Kids connect with elderly through pilot program
by Jill Ragar Esfeld
firstname.lastname@example.org OVERLAND PARK — As the first quarter of the new school year drew to a close, Catholic school students all over the archdiocese turned in their “service hours,” reporting the 10, or 12, or 15 hours they spent in service to their community.
Fourth-grade Holy Cross student Selena Guerrero, on the other hand, along with fellow fourth-grader Megan Knight and Megan’s seventh-grade brother Ashton, turned in a combined — and possibly record-setting — 740 hours of service, all logged at HRC ManorCare in Overland Park.
The nursing and rehabilitation facility’s “Caring Kids” program, where kids “worked” throughout the summer assisting residents with everyday activities, was the brainchild of activities director Alixandria Ruoff.
“I just thought there’s a whole bunch of kids who are kind of big for summer camp, but not really big enough to stay home alone and keep themselves engaged in things their parents would want,” she said. “So I thought [this program] would be good for the parents and the kids, and it would be really great for my residents. Having kids around any time we can get them is something we want.”
To qualify for the program, children had to be able to complete tasks independently, follow directions, and be comfortable working directly with the elderly.
Silvina Guerrero said her daughter, who volunteered every Monday and earned a total of 100 service hours, took the responsibility seriously.
“She was always up and ready. She would say, ‘This is a job; I have to be there on time.’ She didn’t miss a single Monday,” she said.
That’s the kind of attitude Ruoff hoped to see when she initiated the program.
“I think the kids learned a lot about responsibility and commitment, and they learned a lot about following a schedule,” Ruoff said. “I really did hold them accountable about where they were supposed to be, what they were supposed to be doing.”
The children worked with residents throughout the day doing whatever the staff asked and participating in activities like exercise and bingo. Ruoff made sure the volunteers always ate lunch in the activity room where they could “shut the door and just cut loose and be loud, noisy kids.”
Ashton and Megan’s mother Sonya Simone said she was happy to allow her children the opportunity to give back to the community and was impressed with how much they were enriched by the experience.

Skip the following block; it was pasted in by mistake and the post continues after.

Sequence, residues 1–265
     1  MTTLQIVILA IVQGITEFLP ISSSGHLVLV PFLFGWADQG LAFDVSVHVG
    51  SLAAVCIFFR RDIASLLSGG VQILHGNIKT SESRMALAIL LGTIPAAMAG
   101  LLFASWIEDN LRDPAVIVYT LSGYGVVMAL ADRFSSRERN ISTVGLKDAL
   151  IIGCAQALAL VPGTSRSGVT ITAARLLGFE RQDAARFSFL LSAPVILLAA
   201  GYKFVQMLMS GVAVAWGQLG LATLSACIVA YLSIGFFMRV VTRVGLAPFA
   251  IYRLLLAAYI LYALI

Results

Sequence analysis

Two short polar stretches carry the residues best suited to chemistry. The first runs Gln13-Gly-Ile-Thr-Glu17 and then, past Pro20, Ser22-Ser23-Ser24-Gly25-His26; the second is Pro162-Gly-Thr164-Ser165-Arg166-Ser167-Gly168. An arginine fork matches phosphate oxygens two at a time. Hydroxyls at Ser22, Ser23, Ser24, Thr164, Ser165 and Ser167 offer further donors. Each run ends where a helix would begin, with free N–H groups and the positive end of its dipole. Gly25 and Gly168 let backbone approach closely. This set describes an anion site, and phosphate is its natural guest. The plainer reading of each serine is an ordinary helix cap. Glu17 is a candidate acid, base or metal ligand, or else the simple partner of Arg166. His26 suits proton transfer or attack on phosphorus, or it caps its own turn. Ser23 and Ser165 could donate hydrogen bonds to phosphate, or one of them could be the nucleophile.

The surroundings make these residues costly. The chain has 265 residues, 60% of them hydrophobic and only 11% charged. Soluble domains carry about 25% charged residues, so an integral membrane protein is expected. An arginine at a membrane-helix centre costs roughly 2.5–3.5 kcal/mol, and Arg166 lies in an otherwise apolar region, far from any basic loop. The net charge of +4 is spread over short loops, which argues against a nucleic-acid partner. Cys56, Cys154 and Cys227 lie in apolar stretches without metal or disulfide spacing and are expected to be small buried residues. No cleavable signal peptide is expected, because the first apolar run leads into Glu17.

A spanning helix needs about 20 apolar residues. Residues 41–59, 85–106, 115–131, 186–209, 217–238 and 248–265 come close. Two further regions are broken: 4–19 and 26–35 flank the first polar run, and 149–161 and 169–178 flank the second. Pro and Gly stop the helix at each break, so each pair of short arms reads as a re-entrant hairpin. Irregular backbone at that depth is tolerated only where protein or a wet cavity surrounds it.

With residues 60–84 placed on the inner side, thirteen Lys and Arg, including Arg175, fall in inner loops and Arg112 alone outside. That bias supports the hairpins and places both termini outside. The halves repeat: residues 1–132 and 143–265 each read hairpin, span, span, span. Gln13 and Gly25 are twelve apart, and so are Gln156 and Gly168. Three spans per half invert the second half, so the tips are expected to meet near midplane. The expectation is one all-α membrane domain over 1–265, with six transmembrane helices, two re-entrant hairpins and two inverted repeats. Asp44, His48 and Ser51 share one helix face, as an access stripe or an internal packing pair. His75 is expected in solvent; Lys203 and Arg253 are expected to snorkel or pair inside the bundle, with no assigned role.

“They came home each day and told me about how much fun they had and how they wanted to go back,” she said. “It taught my daughter especially how to care for older people and have sympathy for them.”
Megan, who volunteered 320 hours, enjoyed pampering the residents. Painting fingernails was one of her specialties.
“My favorite thing to do was to tell them they’re not regular, basic people,” explained the fourth-grader. “They’re people that get pampered, and we’re like their butlers and everything.”
Her brother, who also volunteered 320 hours, admitted to being a little intimidated when he first started the program.
“I was kind of nervous around old people at first because I thought they may be kind of mean,” he said. “But they were really nice throughout the whole summer.
“There are no mean people there at all.”
Ruoff said she had high hopes for the program, but worried that the kids’ enthusiasm would flag.
“I expected that midway through the summer they would get bored of it and want to go about the business of being a kid on summer vacation,” she said. “But that’s not how it went.”
On the contrary, the kids were so committed that they were sorry to see summer end.
“The very last month it kind of made me sad to leave all my elderly friends there,” said Ashton. “But my faith helped me. I just said to myself, ‘There’s always next summer to be with my friends.’”
At summer’s end, HRC ManorCare joined with the city council president and respective school principals to honor the first volunteer program participants. Holy Cross principal Mary Jo Gates, who attended the event, said she was “wowed” by what her students had done. “It shows that what we’re teaching our children here at Holy Cross School about serving others is going outside our school and into the community,” she said. Gates said she felt the relationships developed over the summer helped the children see that “the connections we make with other people connect us with God.”
Leave it to a fourth-grader to put it best, however.
“My favorite person was Howard,” said Megan. “He would always cry when I would hug him, and he would always say, ‘I love you.’
“And I would always say, ‘I love you, too.’”